Erasmus Syllogisms in Cognition and Facilitation of Organizational Innovation

  • Rolf Johan Bye SINTEF Digital
  • Stein Erik Johansen Norwegian University of Technology and Science


By use of an empirical example from a planned organizational change program within an international company, we examine how specific characteristics of objects (forms) used to represent ideas –  in interaction with “hard-wired” aspects of human cognition –  may contribute to explain outcomes of translation processes and the extent of alteration of the design of the future organization.  We argue that a type of syllogism judged as invalid by criteria of formal logics – denoted as Erasmus syllogism – could be rather common in reasoning, and that these logically invalid interferences may contribute to significant innovations. Situations where syllogisms are not recognized as invalid by the involved actors seem to be more prevalent when e.g. the actors are unfamiliar with the semantic content (as e.g. abstract symbols). We argue that understanding of semiotic conditions for occurrence of formal logically invalid syllogism, as well as of the neglect of their invalidity by involved actors in ongoing discourses and reasoning, may contribute to a better understanding of how ideas and objects are translated, within organizations as well as in general. The discussion is a contribution to better understanding of why and how ideas are altered as part of ongoing sense making processes within organizations.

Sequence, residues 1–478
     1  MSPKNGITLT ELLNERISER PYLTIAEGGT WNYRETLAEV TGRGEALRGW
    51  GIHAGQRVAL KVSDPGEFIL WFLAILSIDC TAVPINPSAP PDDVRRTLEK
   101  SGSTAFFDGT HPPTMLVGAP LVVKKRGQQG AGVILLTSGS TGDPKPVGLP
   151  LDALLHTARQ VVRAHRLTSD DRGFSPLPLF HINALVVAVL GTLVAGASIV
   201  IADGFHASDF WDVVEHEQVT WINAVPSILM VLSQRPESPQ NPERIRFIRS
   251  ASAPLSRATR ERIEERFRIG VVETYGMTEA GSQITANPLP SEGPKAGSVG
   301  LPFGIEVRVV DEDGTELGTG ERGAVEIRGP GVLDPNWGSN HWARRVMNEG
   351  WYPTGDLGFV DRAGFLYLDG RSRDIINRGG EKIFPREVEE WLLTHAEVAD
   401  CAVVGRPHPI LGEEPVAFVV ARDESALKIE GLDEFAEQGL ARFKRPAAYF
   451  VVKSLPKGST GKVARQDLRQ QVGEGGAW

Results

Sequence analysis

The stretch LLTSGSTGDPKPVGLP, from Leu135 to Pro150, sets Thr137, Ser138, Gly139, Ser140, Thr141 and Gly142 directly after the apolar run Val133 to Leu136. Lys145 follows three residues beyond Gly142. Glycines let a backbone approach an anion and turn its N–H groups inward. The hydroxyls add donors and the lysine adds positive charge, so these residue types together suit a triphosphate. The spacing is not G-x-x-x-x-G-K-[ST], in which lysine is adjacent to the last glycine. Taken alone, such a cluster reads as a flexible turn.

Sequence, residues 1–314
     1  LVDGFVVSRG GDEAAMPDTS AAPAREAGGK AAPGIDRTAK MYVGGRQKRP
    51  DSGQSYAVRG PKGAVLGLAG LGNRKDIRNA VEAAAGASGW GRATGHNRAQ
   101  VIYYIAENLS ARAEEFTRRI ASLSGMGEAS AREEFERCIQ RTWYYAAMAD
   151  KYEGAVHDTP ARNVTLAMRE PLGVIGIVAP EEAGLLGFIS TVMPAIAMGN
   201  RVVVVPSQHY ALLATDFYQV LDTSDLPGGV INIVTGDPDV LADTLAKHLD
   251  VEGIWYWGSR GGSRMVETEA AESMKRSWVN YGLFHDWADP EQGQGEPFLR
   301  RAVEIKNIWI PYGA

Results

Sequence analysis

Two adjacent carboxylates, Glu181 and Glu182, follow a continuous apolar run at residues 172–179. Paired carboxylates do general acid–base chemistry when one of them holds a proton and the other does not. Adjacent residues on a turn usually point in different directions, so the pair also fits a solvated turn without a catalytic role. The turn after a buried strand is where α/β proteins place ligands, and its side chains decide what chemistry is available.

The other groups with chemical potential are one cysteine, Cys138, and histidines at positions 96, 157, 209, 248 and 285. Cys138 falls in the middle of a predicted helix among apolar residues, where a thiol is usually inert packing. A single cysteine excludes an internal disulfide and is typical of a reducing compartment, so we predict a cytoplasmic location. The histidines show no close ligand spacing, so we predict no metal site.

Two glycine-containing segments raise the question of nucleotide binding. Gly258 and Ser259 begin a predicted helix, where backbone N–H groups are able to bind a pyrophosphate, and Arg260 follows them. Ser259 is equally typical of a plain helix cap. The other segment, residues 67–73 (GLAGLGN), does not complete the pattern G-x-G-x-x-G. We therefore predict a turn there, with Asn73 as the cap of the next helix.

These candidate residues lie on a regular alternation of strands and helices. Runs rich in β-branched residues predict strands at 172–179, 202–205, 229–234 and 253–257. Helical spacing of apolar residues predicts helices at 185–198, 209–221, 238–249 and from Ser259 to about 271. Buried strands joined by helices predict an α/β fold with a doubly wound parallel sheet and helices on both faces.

Author Biographies

Rolf Johan Bye, SINTEF Digital
Rolf Johan Bye is senior researcher at SINTEF Digital, Norway and associated with Department of social anthropology at Norwegian University of Technology and Science. He holds a PhD in sociology and a PhD (Norwegian ‘magistergrad’) in social anthropology. His main areas of research are processes of organizational change, organizational learning, work practices, organizational safety, and related applications of management theories. He has been involved in several research project within organizations in various industries (including oil and gas, aviation, shipping, and chemical industry) and various countries (including Norway, UK, Hungary, Oman, and China). Corresponding author:
Stein Erik Johansen , Norwegian University of Technology and Science
Stein Erik Johansen is full professor in social anthropology at Norwegian University of Technology and Science, and adjunct professor at Division of Physics, Institute for Basic Research, Florida, USA. He holds a D.Sc. (classical Norwegian dr. philos.) in economics (1991) and a PhD (Norwegian ‘magistergrad’) in philosophy (1985). He has received the Santilli-Galilei Award (Gold Medal and Prize 2008) from Santilli-Galilei Academy ” in honour of contributions to natural philosophy”, and the SIPS Scientific Award (2016) to scientists having “achieved notable contribution in mathematical sciences” – “for unprecedented advances in the Fibonacci numbers”. His main areas of research have been within economic theory and anthropology, number theory, complexity and system theory, epistemology/ontology, and cognitive anthropology.


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